In a discipline that often lacks flair and a sense of the melodramatic, Strachey’s Elizabeth and Essex has enjoyed a popularity with audiences of all ages because it possesses those very qualities. The book reads as the public imagines biography ought to read: with excitement and emotion. It has a particular appeal to younger readers because the central narrative is not obscured by a wealth of data. The work is popular history in the best and the worst senses of that designation; the vividness of the narrative almost compensates for the lack of accuracy.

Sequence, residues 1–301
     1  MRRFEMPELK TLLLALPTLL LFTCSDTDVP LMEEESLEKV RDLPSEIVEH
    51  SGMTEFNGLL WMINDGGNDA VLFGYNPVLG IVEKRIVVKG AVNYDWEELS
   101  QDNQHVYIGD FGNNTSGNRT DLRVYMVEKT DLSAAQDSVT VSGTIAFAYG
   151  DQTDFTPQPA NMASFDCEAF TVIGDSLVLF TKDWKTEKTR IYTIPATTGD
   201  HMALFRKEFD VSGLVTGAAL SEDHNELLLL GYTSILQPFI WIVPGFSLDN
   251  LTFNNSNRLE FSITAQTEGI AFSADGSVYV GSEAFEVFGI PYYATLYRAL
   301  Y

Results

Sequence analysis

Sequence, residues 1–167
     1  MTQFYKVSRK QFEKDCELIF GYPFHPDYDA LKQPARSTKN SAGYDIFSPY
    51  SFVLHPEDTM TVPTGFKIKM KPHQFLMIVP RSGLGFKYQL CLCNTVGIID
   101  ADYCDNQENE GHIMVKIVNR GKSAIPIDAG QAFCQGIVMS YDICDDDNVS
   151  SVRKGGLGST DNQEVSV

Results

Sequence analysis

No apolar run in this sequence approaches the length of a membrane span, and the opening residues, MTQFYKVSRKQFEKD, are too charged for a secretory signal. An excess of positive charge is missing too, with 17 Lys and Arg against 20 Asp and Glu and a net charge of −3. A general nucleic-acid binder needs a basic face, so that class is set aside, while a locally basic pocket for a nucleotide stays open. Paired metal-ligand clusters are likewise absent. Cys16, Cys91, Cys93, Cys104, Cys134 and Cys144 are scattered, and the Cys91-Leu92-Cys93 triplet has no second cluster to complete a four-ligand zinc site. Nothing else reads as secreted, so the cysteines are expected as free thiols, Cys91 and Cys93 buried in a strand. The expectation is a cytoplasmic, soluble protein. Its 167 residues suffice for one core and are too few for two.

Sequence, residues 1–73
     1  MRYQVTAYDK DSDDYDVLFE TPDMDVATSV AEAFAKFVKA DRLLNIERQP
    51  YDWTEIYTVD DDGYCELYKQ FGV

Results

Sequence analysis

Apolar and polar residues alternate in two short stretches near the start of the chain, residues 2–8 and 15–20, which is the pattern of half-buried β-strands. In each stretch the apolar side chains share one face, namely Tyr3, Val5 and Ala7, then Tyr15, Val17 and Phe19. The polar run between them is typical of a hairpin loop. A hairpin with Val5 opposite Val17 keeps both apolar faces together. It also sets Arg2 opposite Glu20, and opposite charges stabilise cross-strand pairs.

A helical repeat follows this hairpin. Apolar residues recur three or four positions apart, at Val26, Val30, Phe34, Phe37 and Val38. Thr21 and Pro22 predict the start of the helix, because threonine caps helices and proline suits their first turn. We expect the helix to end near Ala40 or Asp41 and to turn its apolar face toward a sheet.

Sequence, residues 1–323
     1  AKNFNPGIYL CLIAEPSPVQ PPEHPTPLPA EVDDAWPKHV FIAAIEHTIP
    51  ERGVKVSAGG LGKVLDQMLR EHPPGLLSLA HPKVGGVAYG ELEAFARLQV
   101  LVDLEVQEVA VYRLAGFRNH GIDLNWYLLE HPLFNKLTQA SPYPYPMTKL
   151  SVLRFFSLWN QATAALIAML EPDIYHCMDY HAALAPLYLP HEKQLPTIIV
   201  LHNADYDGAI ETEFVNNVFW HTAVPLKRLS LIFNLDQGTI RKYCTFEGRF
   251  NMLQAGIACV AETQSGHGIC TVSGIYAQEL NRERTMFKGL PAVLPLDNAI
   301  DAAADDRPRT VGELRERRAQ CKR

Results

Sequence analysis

Strachey’s Elizabeth and Essex has enjoyed such popularity because it is well written, but there is another reason for its inclusion in any study of early twentieth century biographies: It reveals much about Strachey himself and about the literary set to which he belonged. His Queen Victoria, first published in 1921, created a sensation by dismissing the late queen-empress as a symbol of an era of repressive prudery. While Strachey was not a particularly vocal misogynist, his disdain for women in positions of power is also strongly evident in Elizabeth and Essex. This rather subtle dismissal of female rulers provoked numerous scholarly responses in the decades after Strachey’s death, which bear examination by the serious young scholar. Of particular importance in this respect is Susan Bassnett’s Elizabeth I: A Feminist Perspective (1988).